So far, the lack of daylight between the agendas of the two Democratic contenders for the party’s presidential nomination has kept the focus mostly on experience and campaign tactics. USA Today took a look at the actual economic policies of Hillary Clinton and Barack Obama and especially at the bottom line. They wonder who will pay the bill for the latest Democratic Party giveaway:

In 2009, when the next president takes office, the government is expected to spend $400 billion more than it takes in, adding to a national debt that tops $9 trillion. Yet Clinton and Obama both offer a long list of new spending proposals that suggests a lack of seriousness in confronting the nation’s fiscal condition.

Obama has received more criticism, perhaps deservedly so, because his list is somewhat longer. But Clinton also appears to be overpromising on what she would do and underdelivering on how she would pay for it. …

While it’s hard to come up with a precise price tag given the lack of specifics in many of their proposals, these plans are likely to cost the Treasury well into the hundreds of billions of dollars a year. The National Taxpayers Union, a conservative group that favors lower taxes and smaller government, gives a very rough estimate of $287 billion for Obama and $218 billion for Clinton.

How would the candidates pay for all these new programs without driving the deficit to new heights? Some have specific funding sources; some don’t. The candidates rather vaguely claim that costs would be covered primarily by repealing President Bush’s tax cuts and ending the Iraq war.

This is where the math gets fuzzy.

A rollback of Bush’s tax cuts for the wealthiest Americans could generate perhaps $75 billion next year. The Iraq war savings are much harder to figure. The war has been costing about $100 billion per year. But a Democratic president, once in office, might decide that national security demands a gradual withdrawal, or a redeployment to Afghanistan. Health care for Iraq war veterans will run into the billions for decades. It’s unlikely that winding down the war will produce a large, quick peace dividend capable of supporting a host of new programs.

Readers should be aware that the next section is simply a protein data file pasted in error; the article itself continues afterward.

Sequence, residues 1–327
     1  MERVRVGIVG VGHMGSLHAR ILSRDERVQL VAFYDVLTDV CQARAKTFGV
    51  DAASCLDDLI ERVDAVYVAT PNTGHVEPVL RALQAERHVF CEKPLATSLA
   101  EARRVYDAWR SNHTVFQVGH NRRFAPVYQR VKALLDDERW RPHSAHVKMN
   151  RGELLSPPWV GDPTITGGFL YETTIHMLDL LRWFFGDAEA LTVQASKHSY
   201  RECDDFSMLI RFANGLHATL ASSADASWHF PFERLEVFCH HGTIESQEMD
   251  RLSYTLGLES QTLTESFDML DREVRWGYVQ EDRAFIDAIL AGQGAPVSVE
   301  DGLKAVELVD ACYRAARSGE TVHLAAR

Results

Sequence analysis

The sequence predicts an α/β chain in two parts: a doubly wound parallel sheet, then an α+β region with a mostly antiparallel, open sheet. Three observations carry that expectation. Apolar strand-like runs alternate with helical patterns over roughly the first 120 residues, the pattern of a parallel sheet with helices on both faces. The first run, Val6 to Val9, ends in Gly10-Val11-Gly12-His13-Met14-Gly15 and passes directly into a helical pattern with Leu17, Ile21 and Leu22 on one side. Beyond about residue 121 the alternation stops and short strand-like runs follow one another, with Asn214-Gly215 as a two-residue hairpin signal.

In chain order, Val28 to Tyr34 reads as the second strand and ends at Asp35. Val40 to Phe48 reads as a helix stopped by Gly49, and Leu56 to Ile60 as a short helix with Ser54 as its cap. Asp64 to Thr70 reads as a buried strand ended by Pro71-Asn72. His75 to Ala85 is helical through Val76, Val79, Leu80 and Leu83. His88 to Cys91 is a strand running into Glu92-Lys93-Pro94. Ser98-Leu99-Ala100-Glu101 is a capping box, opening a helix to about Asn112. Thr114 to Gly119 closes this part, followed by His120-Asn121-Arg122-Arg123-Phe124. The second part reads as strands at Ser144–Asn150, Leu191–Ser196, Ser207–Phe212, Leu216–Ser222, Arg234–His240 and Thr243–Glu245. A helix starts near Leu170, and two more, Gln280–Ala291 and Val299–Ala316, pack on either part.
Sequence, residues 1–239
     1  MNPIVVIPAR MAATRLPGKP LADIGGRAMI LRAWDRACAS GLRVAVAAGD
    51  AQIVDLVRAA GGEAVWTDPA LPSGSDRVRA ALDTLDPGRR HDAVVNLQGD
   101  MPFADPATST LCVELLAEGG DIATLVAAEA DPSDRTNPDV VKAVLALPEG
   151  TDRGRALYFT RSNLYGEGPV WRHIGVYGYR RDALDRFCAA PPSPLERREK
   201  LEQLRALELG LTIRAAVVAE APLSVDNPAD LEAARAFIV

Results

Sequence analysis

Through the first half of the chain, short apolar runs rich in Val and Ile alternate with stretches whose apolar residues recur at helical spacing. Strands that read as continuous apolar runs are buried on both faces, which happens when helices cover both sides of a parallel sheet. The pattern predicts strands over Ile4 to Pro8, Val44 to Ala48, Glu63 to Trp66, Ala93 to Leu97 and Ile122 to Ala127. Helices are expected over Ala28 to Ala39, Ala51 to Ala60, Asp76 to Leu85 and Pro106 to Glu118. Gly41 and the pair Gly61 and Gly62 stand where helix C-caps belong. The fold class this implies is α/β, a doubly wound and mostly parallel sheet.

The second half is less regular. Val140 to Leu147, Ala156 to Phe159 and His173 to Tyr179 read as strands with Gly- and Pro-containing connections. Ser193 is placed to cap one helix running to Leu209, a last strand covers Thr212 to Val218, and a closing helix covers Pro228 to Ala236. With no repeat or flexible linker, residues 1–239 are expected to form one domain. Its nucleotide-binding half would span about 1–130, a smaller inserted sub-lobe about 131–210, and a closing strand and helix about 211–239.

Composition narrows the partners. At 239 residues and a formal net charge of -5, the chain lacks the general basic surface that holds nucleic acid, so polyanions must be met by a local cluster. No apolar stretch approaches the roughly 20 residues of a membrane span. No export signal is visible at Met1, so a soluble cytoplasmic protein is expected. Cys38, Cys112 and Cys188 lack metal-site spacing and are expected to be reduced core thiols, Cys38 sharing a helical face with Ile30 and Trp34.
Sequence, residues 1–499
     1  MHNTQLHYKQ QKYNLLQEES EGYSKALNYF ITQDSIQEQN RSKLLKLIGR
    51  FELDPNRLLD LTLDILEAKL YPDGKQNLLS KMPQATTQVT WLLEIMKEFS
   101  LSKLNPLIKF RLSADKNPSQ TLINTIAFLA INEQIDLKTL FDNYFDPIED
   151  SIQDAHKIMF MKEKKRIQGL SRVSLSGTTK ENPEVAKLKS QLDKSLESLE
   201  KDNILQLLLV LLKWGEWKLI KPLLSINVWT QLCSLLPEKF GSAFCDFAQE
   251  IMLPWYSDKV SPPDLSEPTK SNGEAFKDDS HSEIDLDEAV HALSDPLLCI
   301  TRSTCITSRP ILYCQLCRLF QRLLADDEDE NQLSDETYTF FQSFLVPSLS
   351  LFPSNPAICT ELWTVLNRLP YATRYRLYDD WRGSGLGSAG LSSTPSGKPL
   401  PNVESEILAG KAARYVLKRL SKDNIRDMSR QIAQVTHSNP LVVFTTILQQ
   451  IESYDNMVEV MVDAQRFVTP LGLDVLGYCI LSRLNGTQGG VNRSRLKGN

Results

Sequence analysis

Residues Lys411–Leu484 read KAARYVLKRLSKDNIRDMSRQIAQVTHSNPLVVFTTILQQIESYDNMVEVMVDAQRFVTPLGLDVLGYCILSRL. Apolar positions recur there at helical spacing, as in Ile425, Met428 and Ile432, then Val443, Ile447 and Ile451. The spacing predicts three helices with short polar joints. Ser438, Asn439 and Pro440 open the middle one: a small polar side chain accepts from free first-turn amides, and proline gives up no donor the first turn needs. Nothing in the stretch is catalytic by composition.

The real answer: the taxpayers. Both candidates essentially offer the same discredited statist solutions that now burdens Europe Neither have honestly addressed the costs to taxpayers, nor how it will add to both the deficit spending and the federal intrusion into markets that do better at producing results.

Repealing the Bush tax cuts, both candidates claim, will pay for their fiscal agendas. This assumption is false on two fronts. First, both candidates plan to spend far more than the tax cuts and the war costs, even in static analysis. At best, the income derived from both would cover 75% of Hillary’s plan and 60% of Obama’s.

That doesn’t account for the fact that the so-called war costs also include a lot of normal fixed military costs, and that a withdrawal will actually drive up costs in the short run. Also, the impact of a hefty tax increase — which is the effect of allowing the Bush tax cuts to expire — will be to take capital out of the market, resulting in decreasing revenues, not increasing revenues. Both Hillary and Obama rely on static analyses to hide the true effect of the tax-cut repeal.

That will force both candidates to either increase deficit spending or to hike taxes even further. Both claim they will increase taxes on the wealthy and on corporations, while giving tax breaks to the middle class. That won’t work. The tax increases will have to hit the middle class as well, either directly or indirectly in higher costs associated with heavier burdens on producers — and employers. The gaps are simply too large to be made up by hitting “the rich”, unless one defines “rich” significantly downwards.

Besides, this shouldn’t really take a genius to deduce. Anyone demanding an additional $287 billion a year in spending when we are facing the entitlement debacle from the retirement of the Baby Boomers has to have their head examined. Perhaps one can make an argument for tax increases to cover those costs, but increasing federal spending by hundreds of billions in this situations is akin to looking for an additional iceberg to hit before the Titanic sinks entirely.

Cross-posted at Captain’s Quarters.